Back safe and sound, you'll be glad (you will, won't you?) to know. A flight to Los Angeles, a flight to New Orleans, a flight to Dallas/Fort Worth and not a bruise or scraped place to show for it. However, no tweezers either, no scissors and no corkscrew.
A brief report from the travel front. Last Wednesday, there are no lines at Dallas/Fort Worth International Airport. No people, either. Luggage in hand, I proceed to Delta's ticket counter two hours before flight time, produce identification, routinely check a hangar bag, show identification at the X-ray machine, pass without hindrance to the gate -- and read the newspaper for nearly two hours. A routine boarding follows. Less than half the plane is occupied. The LAX touchdown is right on time. At the meeting I attend, many have canceled, unable or unwilling to fly.
Return flight on Friday -- booked long before Sept. 11 -- is 6:40 a.m. The shuttle service tells me that passengers are expected to arrive not two hours ahead of time, but three. Off we set from the Hollywood Roosevelt Hotel at 2:30 a.m. At 4:30 a.m., the line looks like a call for karaoke volunteers on Oprah. Am checked in by 5:15 a.m. Otherwise, same procedures as before. Plenty of time for coffee. Then another less-than-half-full flight, arriving on time.
Connect at DF/W with Nancy Taylor Murchison; we're off to a meeting (really) in New Orleans. But first, for her, a frisking with that security wand you see security people waving around. We land, again, on time. But where are the usual revelers? The New Orleans International Airport echoes like, well, a tomb. But, hey, the car rental companies are handing out fabulous deals, too good to turn down.
To my meeting, 170 have committed in advance. Around 30 fail to show. But the French Quarter seems to be going full blast, and restaurants are very -- some exceedingly -- full. Osama Bin Laden can't keep New Orleans completely down.
Then the return. To make a long story short, security discovers and confiscates a pair of tweezers in my wife's luggage (tweezers that passed without incident through D/FW). I make it through unscathed. But -- a very large "but" in New Orleans -- no bar is open near the passenger gate. The terminal is that quiet, that ghostly.
We return to the main area for libation, then back once more through security. Same procedures, different result. I am caught red-handed: a small pair of scissors in my shaving kit. I hand them over. That's not all, either. A corkscrew in a plastic cylinder is detected. We Episcopalians always carry corkscrews, in the event a bottle of wine comes to hand! Nevermind: It's the confiscation of the tweezers that causes the most head-shaking. Tweezers as a weapon of aggression? There is naught but to accept the impositions of the moment. Still, we must hope the moment will be brief.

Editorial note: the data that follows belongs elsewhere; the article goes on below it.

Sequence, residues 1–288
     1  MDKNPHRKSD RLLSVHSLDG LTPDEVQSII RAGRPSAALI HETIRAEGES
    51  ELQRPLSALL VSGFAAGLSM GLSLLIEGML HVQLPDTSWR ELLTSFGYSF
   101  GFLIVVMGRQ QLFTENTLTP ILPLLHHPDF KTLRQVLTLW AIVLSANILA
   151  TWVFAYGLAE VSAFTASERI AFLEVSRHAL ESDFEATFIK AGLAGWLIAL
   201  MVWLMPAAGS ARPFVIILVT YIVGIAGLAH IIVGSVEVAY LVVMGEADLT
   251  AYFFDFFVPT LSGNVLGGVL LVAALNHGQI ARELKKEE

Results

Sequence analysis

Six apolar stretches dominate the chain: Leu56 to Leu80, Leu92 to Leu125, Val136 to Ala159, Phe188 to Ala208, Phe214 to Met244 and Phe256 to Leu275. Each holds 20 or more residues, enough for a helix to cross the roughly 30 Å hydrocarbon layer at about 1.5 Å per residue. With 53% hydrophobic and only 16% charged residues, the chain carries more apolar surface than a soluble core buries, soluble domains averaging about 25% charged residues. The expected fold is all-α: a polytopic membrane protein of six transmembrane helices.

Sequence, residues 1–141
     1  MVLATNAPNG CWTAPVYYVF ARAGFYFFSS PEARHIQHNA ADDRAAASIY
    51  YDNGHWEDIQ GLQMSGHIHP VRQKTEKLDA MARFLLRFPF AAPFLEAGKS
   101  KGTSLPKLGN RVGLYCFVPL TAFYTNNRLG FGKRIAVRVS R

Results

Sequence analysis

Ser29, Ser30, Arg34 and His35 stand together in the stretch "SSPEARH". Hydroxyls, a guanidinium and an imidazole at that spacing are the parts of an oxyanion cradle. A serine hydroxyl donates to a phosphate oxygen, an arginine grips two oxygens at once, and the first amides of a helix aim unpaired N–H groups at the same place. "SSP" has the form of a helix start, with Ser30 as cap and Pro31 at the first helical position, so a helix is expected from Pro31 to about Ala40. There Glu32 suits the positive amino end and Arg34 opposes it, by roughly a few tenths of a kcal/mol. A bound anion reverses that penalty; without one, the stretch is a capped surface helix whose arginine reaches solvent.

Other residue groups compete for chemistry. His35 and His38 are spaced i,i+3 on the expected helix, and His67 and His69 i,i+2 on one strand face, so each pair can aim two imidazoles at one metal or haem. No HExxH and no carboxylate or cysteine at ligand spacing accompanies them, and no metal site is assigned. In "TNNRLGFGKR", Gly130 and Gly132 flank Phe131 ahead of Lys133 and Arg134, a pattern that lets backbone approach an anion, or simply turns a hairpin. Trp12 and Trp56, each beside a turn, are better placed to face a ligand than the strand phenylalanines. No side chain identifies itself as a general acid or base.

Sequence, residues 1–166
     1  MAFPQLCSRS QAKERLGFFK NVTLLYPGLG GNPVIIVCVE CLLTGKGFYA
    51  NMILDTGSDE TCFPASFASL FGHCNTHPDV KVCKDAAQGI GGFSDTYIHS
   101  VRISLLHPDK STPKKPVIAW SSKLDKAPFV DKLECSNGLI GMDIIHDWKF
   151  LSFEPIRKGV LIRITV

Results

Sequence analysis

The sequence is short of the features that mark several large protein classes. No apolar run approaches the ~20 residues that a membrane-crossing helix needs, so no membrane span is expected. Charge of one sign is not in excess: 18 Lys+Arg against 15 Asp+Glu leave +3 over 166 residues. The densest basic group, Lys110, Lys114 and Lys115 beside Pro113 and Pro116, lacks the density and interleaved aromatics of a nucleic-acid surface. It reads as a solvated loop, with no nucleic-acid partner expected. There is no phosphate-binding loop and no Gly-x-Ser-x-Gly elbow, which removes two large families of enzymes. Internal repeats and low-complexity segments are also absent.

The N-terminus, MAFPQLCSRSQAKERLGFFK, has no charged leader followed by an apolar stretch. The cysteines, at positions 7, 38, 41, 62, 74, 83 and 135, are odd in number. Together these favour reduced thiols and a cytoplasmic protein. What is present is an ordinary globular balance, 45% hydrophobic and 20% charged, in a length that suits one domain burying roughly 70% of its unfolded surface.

We are in, it would seem, the overreaction phase of our present crisis, when everything -- a pair of tweezers, a highly screened airplane flight -- can seem risky. Let's hope the war on terrorism shows early results. We don't want to live this way indefinitely. America isn't a garrison state. Yet the talk now is of possible chemical and bacteriological warfare and of national ID cards and camera surveillance.
Open societies are by definition risky, even dangerous; but
closed societies, a la the Taliban, suffocate and strangle. What an irony if, to knock open the closed societies that hate us, we were to make ourselves more like them! Please, no.
I can't conclude without a word of thanks to the airline crews (Delta and American, in my own experience), for which none of this can be easy. Their sheer normality, their attempts to make life on an airplane as agreeable as possible, should encourage us all. And likewise encourage us to fly. My advice: Fly. Check your tweezers through at the ticket counter. Stick it to the Taliban.